Driving from one city to the next for games, umpiring entire homestands, even staying at team hotels. Those are just a few of the things under contemplation for umpires as Major League Baseball works toward restarting, according to sources familiar with the discussions.
And like the players, umpires need another round of spring training to prepare for the upcoming 60-game season. A crew of three will report to each summer league camp on July 10. After passing COVID-19 testing, they’ll work live bullpen sessions and intrasquad games, culminating in a few regional-based exhibition contests featuring the six umpires who have been embedded with the two teams.
Once the season begins, umpires will still have to travel the country but perhaps at a reduced rate than normal. Usually, a crew works a series then moves on, making sure they rotate around the league so as not to grow grudges based on the same teams seeing the same umpires all the time. Now, if the schedule permits, that umpiring crew might stay for a team’s entire homestand, helping reduce travel.
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If umpires are in a two-team city, such as Chicago and New York, or in the Los Angeles/Anaheim area or San Francisco and Oakland, they might bounce from one park to the other. Perhaps, after working a series in Los Angeles, they’ll drive the hour down to Anaheim — or the five up to the Bay Area.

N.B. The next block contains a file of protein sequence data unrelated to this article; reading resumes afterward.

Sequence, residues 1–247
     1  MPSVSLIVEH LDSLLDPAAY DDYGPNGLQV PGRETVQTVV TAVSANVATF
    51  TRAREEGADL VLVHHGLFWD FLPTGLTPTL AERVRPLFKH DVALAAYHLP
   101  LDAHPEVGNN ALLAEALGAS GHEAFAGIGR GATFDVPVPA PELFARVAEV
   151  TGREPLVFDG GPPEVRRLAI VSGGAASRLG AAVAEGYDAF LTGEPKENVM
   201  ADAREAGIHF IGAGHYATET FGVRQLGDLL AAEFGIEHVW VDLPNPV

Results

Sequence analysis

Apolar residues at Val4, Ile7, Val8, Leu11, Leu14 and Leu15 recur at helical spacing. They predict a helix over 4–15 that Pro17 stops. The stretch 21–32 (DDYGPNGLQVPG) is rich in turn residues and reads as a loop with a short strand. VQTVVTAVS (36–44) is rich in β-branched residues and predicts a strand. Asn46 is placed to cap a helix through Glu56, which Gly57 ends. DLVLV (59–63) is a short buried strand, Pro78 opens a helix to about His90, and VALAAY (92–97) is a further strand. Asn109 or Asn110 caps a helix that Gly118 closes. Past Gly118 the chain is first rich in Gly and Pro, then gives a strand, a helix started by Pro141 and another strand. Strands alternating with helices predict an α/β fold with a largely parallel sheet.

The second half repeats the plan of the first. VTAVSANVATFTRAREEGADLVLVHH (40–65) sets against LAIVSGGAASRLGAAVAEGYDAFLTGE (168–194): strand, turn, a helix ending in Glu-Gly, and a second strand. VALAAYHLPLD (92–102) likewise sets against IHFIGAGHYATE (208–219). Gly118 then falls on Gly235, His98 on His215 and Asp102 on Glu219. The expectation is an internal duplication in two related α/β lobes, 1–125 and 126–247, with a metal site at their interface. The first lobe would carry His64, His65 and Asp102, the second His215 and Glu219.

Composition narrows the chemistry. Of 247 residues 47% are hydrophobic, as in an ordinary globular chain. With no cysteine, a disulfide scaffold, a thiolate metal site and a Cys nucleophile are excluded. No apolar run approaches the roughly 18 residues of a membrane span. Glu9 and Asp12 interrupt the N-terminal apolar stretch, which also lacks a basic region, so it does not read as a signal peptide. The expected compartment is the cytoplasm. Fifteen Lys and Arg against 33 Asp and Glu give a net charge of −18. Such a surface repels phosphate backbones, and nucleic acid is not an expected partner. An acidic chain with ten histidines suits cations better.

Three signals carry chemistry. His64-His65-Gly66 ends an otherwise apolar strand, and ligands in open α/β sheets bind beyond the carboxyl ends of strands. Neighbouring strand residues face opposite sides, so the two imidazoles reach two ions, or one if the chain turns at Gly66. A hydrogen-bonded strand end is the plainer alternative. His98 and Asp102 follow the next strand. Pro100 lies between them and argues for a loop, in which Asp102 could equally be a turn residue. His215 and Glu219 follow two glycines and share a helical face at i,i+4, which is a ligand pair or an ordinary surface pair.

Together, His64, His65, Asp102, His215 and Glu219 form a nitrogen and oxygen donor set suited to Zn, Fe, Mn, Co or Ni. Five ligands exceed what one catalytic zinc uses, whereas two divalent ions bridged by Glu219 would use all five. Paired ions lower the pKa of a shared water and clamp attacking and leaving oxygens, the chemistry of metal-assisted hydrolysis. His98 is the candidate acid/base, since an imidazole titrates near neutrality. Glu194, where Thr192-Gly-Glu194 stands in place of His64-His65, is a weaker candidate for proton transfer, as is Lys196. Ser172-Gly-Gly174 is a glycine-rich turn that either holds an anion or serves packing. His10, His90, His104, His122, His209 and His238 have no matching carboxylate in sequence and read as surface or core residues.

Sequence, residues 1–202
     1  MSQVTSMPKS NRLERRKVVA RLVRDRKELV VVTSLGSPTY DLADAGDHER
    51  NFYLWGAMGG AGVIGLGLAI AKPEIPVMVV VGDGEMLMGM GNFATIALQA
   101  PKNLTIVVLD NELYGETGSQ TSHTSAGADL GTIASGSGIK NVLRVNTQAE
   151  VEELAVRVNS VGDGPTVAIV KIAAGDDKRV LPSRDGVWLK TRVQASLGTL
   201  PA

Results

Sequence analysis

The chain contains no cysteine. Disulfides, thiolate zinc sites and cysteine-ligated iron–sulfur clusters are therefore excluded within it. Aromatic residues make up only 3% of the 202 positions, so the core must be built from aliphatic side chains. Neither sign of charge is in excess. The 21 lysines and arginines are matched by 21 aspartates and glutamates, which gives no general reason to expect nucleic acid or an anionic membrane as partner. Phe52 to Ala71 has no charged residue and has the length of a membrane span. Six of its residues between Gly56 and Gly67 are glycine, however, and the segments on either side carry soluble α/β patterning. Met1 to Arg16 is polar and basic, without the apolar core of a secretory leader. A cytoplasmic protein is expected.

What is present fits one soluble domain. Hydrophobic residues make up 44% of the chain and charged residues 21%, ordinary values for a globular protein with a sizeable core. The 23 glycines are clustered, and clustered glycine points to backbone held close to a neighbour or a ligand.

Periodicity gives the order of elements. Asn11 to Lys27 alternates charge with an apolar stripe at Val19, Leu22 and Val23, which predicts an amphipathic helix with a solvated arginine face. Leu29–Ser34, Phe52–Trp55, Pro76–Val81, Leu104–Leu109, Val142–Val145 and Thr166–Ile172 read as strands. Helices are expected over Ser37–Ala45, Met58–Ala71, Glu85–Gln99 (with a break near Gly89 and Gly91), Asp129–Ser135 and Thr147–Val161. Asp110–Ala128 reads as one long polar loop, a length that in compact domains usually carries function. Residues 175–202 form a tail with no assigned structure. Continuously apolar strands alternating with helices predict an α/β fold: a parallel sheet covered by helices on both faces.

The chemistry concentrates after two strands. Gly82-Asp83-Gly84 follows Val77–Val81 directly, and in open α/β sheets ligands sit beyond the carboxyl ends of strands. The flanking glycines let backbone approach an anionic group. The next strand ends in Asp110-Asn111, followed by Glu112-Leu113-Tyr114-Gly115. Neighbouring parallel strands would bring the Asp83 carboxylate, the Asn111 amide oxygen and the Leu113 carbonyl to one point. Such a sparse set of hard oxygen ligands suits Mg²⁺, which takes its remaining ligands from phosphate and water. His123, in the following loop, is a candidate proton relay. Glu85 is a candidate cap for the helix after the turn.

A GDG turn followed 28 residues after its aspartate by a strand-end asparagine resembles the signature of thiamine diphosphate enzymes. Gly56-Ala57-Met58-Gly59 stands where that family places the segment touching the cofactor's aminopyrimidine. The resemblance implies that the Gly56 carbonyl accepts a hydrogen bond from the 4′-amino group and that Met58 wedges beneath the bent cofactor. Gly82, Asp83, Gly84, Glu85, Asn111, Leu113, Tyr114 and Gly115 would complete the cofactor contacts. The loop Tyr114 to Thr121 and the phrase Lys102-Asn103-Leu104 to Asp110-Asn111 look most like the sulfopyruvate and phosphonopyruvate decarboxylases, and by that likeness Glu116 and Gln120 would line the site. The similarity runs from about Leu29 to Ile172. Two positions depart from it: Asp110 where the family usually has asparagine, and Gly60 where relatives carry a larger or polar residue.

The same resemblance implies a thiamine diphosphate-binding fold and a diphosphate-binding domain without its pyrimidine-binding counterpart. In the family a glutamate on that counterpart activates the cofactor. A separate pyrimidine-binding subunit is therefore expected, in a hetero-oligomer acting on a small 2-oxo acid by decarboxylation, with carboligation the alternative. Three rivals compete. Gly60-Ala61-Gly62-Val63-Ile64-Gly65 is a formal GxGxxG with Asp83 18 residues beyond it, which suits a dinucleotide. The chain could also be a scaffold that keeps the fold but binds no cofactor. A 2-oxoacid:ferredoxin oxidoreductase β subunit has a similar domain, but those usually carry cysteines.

Safety is of utmost importance to a group that is naturally at higher risk simply due to age. An opt-out, with pay, for higher risked individuals is still being worked out but there will be a mechanism in place if an umpire can’t work for health concerns. Unlike players, MLB umpires are paid year-round, so they have received 4 1/2 months of their salary already — through May 15. MLB will try to staff taxi squads with three minor league umpires at alternate sites — but close enough to the major league parks if they are called into action due to illness or injury to a regular umpire. Also, a higher risk is working inside in the replay room in New York. Every crew normally rotates in there a couple times per year.
In discussion is whether they will wear face coverings underneath their masks behind home plate. Outdoor temperatures in July and August, especially, may not be conducive to wearing a mask under a mask. Those face coverings will be encouraged but not required. Umpires will go through COVID-19 testing just like Tier 1 players and coaches.
There won’t be much in the way of on-field arguments, at least not face-to-face, which has been a staple for the game for as long as anyone can remember. With no fans in the stands, umpires will be able to hear everything from the dugout, so reduced trolling might be in order. And lineup changes will most likely be yelled from a distance, to keep managers and umpires socially distanced from each other.